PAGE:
But it is like the man. Once you had met him you would always want to know more. What we are left with is a one-off; his exceptional command of language in the service of a story about himself.
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12 of 14 people found the following review helpful By DriverJohn on 3 Sept. 2006
Format: Hardcover
I first came across Mr Setright's writing in the early 1970s through his contributions to The Motorist's Bedside Book, a much loved volume that is still within my reach once in bed and it is often to one of his pieces that I turn to clear my mind before turning in.

I now have several other of his books, and they are all first rate. His ability to use words so well is a delight, and he used his independant position to tell us the truth as he saw it. If a car was bad he would say so and why, but his relish of a good vehicle, road or journey would leap from the page and take you along with him.

I did not realise that he had gone over to another world, having been out of the country at the time I now know he left us. It was only when Amazon suggested that I might like this book that I became aware that he had gone. This book is a fine, if slim, tribute to his life, and should inspire anyone who has not read him to buy some of his other works. I have no hesitation in recommending it; there is not much of it, but what there is is as neatly crafted as anything else he wrote, and it is an inexpensive purchase.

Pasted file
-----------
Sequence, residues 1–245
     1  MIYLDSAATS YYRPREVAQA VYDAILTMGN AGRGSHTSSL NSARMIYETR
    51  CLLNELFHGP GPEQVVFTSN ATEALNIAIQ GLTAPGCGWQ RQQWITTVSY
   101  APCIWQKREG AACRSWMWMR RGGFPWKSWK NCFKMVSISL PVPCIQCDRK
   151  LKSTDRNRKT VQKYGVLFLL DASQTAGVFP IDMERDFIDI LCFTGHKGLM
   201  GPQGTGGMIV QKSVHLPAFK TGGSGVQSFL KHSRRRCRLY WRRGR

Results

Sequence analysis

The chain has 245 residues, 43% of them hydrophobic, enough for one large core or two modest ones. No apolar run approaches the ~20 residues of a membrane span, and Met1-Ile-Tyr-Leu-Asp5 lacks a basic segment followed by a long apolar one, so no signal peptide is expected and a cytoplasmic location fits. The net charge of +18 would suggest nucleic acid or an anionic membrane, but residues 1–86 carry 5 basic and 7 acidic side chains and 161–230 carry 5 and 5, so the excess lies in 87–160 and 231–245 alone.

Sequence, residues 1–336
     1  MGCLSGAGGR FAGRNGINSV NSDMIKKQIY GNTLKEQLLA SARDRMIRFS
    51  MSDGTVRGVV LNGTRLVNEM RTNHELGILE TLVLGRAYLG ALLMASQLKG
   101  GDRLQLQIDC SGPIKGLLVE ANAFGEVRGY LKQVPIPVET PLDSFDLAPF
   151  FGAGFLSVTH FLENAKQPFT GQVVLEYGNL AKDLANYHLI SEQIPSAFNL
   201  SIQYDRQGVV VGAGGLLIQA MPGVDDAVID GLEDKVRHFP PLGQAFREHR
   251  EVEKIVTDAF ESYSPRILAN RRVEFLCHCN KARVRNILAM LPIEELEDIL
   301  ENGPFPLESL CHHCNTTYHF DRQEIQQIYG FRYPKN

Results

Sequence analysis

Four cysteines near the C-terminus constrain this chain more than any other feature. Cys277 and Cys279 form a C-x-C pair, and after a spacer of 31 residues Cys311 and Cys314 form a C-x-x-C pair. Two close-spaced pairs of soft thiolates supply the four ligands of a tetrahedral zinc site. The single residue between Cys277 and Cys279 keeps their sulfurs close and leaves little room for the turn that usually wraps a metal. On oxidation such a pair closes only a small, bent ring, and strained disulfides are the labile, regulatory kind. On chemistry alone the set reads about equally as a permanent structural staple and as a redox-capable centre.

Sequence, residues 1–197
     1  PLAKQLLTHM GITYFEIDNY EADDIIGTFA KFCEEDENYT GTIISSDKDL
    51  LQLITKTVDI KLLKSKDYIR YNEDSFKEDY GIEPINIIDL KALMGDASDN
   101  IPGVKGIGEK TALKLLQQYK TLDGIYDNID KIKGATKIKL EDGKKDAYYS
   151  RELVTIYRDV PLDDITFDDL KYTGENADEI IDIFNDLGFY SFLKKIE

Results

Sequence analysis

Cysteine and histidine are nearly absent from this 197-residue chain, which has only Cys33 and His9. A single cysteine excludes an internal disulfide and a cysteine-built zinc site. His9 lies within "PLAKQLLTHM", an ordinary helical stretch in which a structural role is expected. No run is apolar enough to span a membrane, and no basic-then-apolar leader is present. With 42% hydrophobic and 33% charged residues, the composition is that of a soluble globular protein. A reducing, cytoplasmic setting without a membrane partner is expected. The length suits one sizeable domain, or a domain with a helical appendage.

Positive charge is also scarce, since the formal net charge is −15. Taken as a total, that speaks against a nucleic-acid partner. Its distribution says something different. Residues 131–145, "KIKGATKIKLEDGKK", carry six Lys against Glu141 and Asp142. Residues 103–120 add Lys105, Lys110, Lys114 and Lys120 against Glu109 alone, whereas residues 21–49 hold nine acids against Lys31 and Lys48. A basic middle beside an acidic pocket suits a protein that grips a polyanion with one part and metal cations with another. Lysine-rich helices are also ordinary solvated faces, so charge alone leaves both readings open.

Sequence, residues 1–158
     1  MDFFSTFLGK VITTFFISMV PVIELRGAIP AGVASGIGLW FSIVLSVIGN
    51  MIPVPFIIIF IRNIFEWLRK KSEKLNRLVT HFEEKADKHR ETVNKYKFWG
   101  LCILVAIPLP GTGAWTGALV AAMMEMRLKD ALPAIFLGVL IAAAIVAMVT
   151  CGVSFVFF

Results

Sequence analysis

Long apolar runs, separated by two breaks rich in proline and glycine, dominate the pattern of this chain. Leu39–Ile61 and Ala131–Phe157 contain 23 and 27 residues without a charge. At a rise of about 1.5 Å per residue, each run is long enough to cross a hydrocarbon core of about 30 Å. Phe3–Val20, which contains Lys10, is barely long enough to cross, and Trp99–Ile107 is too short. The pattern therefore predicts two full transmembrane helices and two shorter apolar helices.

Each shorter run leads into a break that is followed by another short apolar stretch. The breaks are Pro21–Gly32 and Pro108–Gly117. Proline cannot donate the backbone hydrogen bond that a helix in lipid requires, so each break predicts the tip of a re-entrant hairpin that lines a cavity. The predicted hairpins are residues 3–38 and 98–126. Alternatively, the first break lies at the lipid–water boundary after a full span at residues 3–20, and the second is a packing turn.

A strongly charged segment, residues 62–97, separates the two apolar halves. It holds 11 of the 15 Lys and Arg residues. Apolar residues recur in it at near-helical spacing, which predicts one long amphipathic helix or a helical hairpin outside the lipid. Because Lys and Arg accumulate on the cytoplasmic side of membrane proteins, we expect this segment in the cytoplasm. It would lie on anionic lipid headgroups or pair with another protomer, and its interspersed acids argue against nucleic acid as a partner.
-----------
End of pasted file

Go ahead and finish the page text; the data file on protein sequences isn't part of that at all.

Of the younger generation of Motor Noters, James May stands head and shoulders above the rest as a writer of some culture and wit, and I thought that it was fitting he should be asked to write the afterword for this book.

In summary, I would give this book 4 out of 5 purely because it was not finished, and I feel that the author would have taken a similar view. It deserves 5 stars though, and it deserves a place on your bookshelves. Put it on your Christmas list if you must; it would make a fine stocking filler.
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Format: Hardcover Verified Purchase
After reading this book, I felt sad, but not disappointed.
Sad that it was left unfinished, sad that such an interesting life could not be chronicled in full in that unique prose. The words, the syntax, the pencraft that Setright displays are really the main feature of these pages. Yes, there are stories about cars, there are fine descriptions of obscure engineering details, there are postcards from a bygone era, but interesting though they are, at times they feel like a mere excuse to produce another literary flourish, a pretext to astound the reader with some audacious metaphor.
Impressively, Setright is so confortable in his own style that he never feels overbearing or patronising. You can clearly feel that he is not trying to impress you, he is just being himself (I hope he will forgive me for wheelnig out this overused cliche').
Even if you don't like cars, or have no idea about the importance of the author in the history of the motoring press, you should buy this book simply because it's very, very well written.
And who cares about the price of the page per pounds ratio.